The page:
Introducing a law, that would say that a threat of suicide a ground for abortion, is not something that should be done under the pressure of artificial deadlines.

I know of no other area of law, where a threat of suicide is sufficient to make legal, what would otherwise be illegal. 
The notion that a simple threat of suicide would make right, something that would otherwise be wrong, is a really dangerous principle.

We must think long and hard about where it might lead.
We should also think carefully about the legitimating effect, that giving a threat of suicide  this sort of  high level statutory recognition, might have on attempts to reduce the incidence of suicide, or of threats of suicide. 

The abortion question boils down to whether one believes an unborn child is a separate human, with human rights of his/her own, or not. 
Some believe the unborn child is not a human with human rights, but just a part of the mother. If it is a part of the mother and not another life, then of course logically, the mother could make her own decisions. But the Irish constitution says something different.

The Irish people formally rejected that view when they decided in 1983 on an amendment to the constitution, now Article 40,(3)(3), which says that the unborn child has an “equal right to life” with its mother. This is being forgotten in some recent discussions.
The word “equal” is crucial here. A possibility is never equal to a certainty. The particular sentence in the constitution  would have made sense if the word “equal “ had not been put before “right to life”, but it WAS put in. That must be respected in any law the Dail may pass. 

In Article 40, the Irish constitution, in recognising his or her right to life, recognises the basic humanity of the unborn child, and grants the unborn child human and constitutional rights. 
Thus I believe that an unborn little girls life cannot, constitutionally, be taken away by a decision of 2,4,6 8, or any number of doctors, along with her mother, because the Irish people have said that she has rights of its own, separate from all of them.

At the very least, the unborn child, whose life may be about to be ended, must have separate representation in any process that might suppress her life. That should be a fundamental and uncontroversial legal principle.

Allowing medical certificates of suicidal intent to suffice to authorise the taking away the otherwise healthy life of an unborn child, would also be put great stress on the system of medical ethics. Medical certification is sometimes fallible, as we know in regard to the certification of illness for absence from work. 
The fact that leading psychiatrists are reluctant to be involved in certifying suicidal intent, in the context of ending the life of an unborn child, and the fact that many of them assert that abortion is never a cure for suicidal feelings, shows how impractical and mistaken was the original Supreme Court majority decision in the X case, in so far as it allowed suicide ideation on the part of a mother to override the equal right to life of an unborn child.

The only way out of the present dilemma is either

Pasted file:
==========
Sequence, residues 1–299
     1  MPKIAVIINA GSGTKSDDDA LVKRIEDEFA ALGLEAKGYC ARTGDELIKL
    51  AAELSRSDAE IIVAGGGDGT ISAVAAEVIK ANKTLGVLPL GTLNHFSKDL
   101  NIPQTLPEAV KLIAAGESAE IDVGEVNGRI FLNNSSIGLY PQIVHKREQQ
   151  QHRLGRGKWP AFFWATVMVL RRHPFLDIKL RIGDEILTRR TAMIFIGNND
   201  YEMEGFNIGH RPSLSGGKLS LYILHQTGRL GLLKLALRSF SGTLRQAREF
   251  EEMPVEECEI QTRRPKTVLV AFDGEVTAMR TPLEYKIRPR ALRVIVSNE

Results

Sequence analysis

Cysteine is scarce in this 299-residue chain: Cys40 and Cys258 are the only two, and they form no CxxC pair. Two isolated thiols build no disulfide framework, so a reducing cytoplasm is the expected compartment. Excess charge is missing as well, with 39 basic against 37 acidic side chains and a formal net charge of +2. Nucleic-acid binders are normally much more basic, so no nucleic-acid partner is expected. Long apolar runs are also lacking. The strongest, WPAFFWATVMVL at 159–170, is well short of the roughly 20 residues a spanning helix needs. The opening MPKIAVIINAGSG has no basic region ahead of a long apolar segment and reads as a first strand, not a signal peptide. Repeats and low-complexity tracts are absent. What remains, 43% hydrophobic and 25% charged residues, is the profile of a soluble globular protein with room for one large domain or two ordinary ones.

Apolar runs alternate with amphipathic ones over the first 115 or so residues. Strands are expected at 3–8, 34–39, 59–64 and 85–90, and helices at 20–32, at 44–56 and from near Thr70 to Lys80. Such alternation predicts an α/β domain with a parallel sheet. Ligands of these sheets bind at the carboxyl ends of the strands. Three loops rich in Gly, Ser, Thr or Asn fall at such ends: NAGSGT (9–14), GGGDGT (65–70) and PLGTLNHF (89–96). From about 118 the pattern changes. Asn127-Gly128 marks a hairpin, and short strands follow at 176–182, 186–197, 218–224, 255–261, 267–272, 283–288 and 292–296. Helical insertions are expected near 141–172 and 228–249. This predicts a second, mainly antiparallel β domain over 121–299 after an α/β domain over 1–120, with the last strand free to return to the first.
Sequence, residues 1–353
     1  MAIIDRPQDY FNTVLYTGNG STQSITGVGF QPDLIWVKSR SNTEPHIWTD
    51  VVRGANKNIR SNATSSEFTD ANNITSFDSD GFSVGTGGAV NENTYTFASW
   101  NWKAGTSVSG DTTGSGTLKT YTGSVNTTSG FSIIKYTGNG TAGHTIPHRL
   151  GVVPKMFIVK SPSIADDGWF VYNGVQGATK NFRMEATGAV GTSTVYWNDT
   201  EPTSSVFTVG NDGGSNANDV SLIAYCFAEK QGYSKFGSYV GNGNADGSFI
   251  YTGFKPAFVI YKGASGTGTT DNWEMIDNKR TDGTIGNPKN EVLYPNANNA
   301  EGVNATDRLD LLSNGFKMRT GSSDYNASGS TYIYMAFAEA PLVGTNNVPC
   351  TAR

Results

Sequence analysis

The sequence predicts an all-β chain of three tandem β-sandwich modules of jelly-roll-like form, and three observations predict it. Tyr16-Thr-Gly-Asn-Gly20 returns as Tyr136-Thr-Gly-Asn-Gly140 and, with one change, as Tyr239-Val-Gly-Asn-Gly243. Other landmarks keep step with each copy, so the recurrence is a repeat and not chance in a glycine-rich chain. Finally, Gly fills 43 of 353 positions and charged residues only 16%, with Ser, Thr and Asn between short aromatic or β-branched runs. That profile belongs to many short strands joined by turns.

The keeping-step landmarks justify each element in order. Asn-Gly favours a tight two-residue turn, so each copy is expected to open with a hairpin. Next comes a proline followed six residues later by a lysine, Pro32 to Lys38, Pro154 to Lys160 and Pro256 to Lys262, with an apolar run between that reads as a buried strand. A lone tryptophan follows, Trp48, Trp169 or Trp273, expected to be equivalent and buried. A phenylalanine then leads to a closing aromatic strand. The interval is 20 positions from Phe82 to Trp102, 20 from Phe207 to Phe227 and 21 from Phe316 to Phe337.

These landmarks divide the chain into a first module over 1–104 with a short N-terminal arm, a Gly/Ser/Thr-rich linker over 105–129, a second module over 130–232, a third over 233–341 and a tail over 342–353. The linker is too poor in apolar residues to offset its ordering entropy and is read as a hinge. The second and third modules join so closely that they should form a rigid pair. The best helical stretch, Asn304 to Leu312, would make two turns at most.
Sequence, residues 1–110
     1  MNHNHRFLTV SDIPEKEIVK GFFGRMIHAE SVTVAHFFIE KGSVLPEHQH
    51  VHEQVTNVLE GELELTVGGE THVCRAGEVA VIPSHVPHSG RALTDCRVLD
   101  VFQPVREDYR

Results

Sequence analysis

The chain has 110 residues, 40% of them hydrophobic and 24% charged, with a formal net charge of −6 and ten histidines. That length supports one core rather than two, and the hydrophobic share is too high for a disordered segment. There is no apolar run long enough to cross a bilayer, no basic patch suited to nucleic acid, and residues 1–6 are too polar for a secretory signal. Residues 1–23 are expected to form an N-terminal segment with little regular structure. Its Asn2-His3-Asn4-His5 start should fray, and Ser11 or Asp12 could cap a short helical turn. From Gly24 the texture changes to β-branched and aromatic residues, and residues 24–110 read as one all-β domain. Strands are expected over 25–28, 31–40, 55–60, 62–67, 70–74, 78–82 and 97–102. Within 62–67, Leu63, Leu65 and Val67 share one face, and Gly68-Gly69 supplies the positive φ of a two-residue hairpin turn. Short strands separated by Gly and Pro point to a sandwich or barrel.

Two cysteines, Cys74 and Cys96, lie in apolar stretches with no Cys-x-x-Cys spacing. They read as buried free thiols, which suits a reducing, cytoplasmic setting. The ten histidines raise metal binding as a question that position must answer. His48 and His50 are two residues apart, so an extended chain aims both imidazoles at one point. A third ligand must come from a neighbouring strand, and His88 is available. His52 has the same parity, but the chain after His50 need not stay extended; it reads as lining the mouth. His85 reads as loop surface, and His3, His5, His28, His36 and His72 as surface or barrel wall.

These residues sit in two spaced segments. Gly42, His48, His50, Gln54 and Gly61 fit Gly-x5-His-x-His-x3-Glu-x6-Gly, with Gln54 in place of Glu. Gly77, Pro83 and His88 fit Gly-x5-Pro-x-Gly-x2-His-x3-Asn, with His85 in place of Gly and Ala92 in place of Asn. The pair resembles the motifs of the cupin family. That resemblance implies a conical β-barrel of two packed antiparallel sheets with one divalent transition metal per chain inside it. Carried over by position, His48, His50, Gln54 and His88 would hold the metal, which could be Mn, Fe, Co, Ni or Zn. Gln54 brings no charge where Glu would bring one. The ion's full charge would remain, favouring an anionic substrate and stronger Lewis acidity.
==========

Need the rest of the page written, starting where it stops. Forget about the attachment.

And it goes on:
1.Address the medical decision making process relating to physical threats to the life of the mother, but  leave suicidal intent out as a ground for abortion, and let anyone, who wants to test the present constitutionality of this aspect of the X case ,  apply directly to the courts, or 

2. an option I do not favour, have a constitutional amendment to remove the equal right to life of the unborn from the constitution.

Some may argue against these options on the ground that the X case is settled law, and is thus is a reliable basis for proceeding with legislation to allow abortion where suicide is threatened. I believe this is wrong.

Irish constitutional law has changed considerably since 1992, when X was decided. There are two particularly relevant examples.
The first is the development by the Irish Courts of what is called the “proportionality test”. This test, first adopted by the High Court in 1994 (2 years after the X case), but now well entrenched, is used by the Courts when deciding cases, where there is a clash of rights. 
This test involves the Court in a much more searching examination of the evidence than happened  in the X case – when a majority of the Court agreed to the deliberate ending of an unborn life on the basis of a report by a single psychologist. Critically, the proportionality test requires someone, who is seeking to interfere with another individual’s rights, to prove that there is no other way of resolving the matter. 
If a new X case were to come up, the Court would be required by the proportionality test, to take account of the sort of evidence, heard by the Oireachtas Committee recently, to the effect  that there are plenty of other things that could be done to prevent a suicide in such a case. As a result of the improvements in legal procedure and in psychiatric medicine, I believe Courts would decide an X case differently today.
The second way in which things have changed since the X case, is the amendment made by the people in 2001,which is now Article 15 (4) of the constitution, which bans the state imposing a  penalty of death, in any circumstances.

This ban cannot even be suspended in an emergency like a war. This added constitutional commitment to the inviolability of every human life, because it was passed after the X case was decided, could not have taken into account then.  In a future case, all the different articles in the constitution would be interpreted together, and the argument would surely be advanced that it would be incongruous, constitutionally, to allow an unborn and innocent child, with explicit rights to life under Article 40, to be deprived of her life, while protecting, in every situation, the life of an adult who had committed a very serious crime .